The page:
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February 24, 2007 | William C. Rempel, Times Staff Writer
THE official end of the notorious Cali cocaine cartel came late last year here with little more commotion than the rap of a judge's gavel. The Colombian drug lords Miguel Rodriguez Orejuela, 63, and Gilberto Rodriguez Orejuela, 67, entered guilty pleas and were ushered off to federal prison for the next 30 years -- no Miami Vice-like dramatics, no bodies riddled with gunfire in the manner of Medellin rival Pablo Escobar.
April 27, 2014 | By Hugo Martin
Four Season Hotels, the luxury five-star hotel company, is extending its extravagant service to air travel with the launch of private jet service. The Canada-based hotel company said it is retrofitting a Boeing 757 plane with Four Seasons luxury to give “discerning travelers a distinctly Four Seasons travel experience.” Translation: Starting in February 2015, the pimped-out jet will take well-heeled travelers to see some of the world's coolest destinations and stay in swanky Four Seasons rooms.
June 19, 2013
Re "F-22's rough ride," June 16 While spending hundreds of billions of dollars on the F-22 and the F-35 programs, we still have weapons systems that, despite their sophisticated schemes to avoid radar or thermally guided threats, are still vulnerable to conventional anti-aircraft shells, other ballistic ordnance and even accidental damage. What missions might justify risking such costly weapons and their crews? What might they achieve that could justify their loss? Even if we make the large assumption that we can get these aircraft to perform as designed, they just might be too expensive to hazard.
April 24, 2014 | By Mary Forgione
Four Seasons Hotels and Resorts will use a private branded jet to take travelers around the world on bespoke tours starting next year, the chain announced Wednesday. The Four Seasons Jet is a Boeing 757 that has been adapted with leather flatbed seats, Wi-Fi and its own "globally inspired cuisine. " And, of course, Four Seasons service. For example, passengers will have access to an on-board concierge to book extras such as spa time or golf dates while traveling to their destination.
October 13, 2013 | By Laura King
CAIRO -- Flaming debris from the midair breakup of a military fighter jet Sunday rained onto a rural hamlet near Luxor, the site of some of Egypt's most celebrated ancient tombs and temples. One person was killed on the ground and two were hurt, officials said. The pilot of the Russian-made MiG-21, which was on a training flight, managed to eject and parachute to safety. Egyptian army spokesman Col. Ahmed Ali blamed a “sudden malfunction” for the crash, but gave no details. The Ahram website quoted Luxor's security director as saying that fiery wreckage plummeted onto agricultural fields and village homes, killing a farmer and some livestock and injuring two villagers.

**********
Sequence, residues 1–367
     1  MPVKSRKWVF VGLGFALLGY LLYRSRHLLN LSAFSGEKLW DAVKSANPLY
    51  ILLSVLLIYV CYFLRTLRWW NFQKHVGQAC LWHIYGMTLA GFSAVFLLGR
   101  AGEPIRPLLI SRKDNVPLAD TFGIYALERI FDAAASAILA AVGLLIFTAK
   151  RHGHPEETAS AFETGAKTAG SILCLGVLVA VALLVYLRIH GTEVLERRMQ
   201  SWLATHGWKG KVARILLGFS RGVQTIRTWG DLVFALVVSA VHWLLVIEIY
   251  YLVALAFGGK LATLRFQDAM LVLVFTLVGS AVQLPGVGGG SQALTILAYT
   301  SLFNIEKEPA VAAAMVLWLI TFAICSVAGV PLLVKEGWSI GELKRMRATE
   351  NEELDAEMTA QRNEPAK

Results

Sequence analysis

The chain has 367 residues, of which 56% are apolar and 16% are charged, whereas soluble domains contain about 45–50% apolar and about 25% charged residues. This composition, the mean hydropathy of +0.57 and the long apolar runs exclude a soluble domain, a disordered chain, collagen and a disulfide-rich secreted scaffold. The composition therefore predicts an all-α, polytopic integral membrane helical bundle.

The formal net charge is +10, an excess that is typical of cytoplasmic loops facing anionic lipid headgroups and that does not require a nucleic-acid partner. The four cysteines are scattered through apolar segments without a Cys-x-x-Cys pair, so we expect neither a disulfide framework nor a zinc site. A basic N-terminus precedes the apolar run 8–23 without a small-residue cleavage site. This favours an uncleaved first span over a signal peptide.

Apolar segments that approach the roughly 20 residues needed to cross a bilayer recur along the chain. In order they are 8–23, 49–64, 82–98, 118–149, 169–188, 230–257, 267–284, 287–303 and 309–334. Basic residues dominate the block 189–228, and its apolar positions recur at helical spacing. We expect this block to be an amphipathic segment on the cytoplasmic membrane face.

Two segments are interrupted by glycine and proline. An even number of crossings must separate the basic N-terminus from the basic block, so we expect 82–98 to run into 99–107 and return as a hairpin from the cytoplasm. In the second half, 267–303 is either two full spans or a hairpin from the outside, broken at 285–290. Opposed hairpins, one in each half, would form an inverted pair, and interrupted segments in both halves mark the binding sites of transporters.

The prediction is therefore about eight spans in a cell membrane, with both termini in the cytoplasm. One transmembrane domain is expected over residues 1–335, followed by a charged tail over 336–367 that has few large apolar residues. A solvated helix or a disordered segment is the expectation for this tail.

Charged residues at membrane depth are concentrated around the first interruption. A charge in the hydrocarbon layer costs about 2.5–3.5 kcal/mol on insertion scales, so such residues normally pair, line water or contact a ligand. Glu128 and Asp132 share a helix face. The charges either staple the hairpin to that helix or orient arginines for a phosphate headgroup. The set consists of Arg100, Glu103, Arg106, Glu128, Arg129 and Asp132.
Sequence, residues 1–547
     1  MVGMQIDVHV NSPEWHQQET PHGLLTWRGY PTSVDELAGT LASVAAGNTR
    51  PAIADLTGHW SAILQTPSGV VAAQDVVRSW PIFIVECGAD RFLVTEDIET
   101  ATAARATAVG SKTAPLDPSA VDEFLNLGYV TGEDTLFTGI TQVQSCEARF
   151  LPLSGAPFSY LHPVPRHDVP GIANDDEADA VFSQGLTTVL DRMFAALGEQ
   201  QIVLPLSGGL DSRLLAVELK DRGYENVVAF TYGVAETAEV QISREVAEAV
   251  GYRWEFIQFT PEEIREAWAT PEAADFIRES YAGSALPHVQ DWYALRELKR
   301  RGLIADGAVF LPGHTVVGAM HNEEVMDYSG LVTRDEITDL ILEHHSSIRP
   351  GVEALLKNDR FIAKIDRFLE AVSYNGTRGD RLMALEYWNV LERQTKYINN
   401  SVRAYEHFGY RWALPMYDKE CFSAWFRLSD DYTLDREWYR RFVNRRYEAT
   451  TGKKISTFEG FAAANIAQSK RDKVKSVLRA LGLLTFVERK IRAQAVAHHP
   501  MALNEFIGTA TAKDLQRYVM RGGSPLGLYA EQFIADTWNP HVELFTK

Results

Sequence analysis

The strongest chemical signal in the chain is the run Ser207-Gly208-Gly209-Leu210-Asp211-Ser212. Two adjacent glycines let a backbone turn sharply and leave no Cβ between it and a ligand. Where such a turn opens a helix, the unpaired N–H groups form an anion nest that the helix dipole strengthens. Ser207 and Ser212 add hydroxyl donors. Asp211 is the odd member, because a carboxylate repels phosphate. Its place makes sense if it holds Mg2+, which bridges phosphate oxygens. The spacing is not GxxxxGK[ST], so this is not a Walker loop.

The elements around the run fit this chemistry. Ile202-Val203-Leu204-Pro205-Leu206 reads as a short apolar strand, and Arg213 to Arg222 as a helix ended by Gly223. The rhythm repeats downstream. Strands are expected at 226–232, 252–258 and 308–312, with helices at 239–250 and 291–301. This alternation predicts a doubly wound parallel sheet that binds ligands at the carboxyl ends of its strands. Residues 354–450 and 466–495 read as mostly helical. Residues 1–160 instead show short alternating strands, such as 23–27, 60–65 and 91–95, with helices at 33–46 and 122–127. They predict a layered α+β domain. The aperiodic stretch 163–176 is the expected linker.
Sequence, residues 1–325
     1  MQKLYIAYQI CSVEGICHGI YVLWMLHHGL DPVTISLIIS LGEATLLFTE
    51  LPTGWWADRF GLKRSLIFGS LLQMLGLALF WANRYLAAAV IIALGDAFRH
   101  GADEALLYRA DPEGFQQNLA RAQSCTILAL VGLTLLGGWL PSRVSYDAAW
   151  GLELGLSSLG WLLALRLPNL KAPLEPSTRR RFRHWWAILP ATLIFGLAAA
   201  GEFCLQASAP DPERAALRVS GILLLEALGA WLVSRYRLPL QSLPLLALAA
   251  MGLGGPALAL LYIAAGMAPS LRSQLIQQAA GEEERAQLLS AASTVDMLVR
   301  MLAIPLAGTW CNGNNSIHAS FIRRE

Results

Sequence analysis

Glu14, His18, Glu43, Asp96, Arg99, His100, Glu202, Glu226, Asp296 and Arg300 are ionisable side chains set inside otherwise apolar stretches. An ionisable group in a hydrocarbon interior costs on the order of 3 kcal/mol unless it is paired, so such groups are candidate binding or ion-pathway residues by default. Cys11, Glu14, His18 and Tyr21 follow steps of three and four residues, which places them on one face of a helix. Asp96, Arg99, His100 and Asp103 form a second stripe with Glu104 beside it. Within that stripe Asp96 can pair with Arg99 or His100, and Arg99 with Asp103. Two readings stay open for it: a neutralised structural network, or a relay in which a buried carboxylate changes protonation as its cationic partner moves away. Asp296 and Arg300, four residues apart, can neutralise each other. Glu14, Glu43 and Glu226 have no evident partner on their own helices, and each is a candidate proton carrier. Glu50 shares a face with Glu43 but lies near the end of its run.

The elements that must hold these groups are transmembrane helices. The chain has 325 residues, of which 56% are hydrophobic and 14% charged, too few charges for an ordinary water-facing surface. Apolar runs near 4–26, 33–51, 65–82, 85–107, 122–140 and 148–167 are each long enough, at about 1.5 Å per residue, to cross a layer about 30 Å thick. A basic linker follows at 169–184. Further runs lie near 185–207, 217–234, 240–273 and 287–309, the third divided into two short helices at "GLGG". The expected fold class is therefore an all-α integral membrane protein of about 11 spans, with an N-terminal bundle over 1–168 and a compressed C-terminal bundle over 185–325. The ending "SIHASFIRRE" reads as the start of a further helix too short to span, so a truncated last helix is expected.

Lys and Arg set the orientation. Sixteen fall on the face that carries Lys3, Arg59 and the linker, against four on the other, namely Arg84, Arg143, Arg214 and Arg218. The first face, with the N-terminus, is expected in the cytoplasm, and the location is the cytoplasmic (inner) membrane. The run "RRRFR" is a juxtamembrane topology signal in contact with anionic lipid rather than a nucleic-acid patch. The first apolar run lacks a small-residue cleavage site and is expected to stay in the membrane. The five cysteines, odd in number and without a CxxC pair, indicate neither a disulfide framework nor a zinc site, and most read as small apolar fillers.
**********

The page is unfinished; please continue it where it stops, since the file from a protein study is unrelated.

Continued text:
September 26, 1996
Say what? A TWA jet was used for bomb training practice (Sept. 21)? Can this material detonate? Who inventoried explosives on and off the plane? Did they get it all? Why use real planes anyway? Wouldn't surplus out-of-service planes suffice? What did happen to Flight 800? What does the FBI know? Who investigates the FBI? What, me worry? STEVE CLOSE Montecito
August 9, 2008
Talk about a hard fall. Somebody yelled "Pull" and up went Brett Favre's ego and it was shot down in seconds. Enjoy playing for the Jets, Favre. Throw an interception in a crucial game in New York, and you will wish you would've taken that $20 million and bought a city in Mississippi. Jeff Calzada Monterey Park
December 6, 2013 | By Ari Bloomekatz
One runway at Los Angeles International Airport was temporarily closed Friday after a Southwest jet blew a tire after landing. None of the 79 people on board Southwest Airlines Flight 1641 were injured when a main landing gear tire was blown when it landed at LAX around 8:40 a.m., said Los Angeles World Airports spokeswoman Nancy Castles. The passengers on board deplaned while on a taxiway and were bused to their gate, Castles said. No fire or hazardous materials were exposed during the incident, Castles added.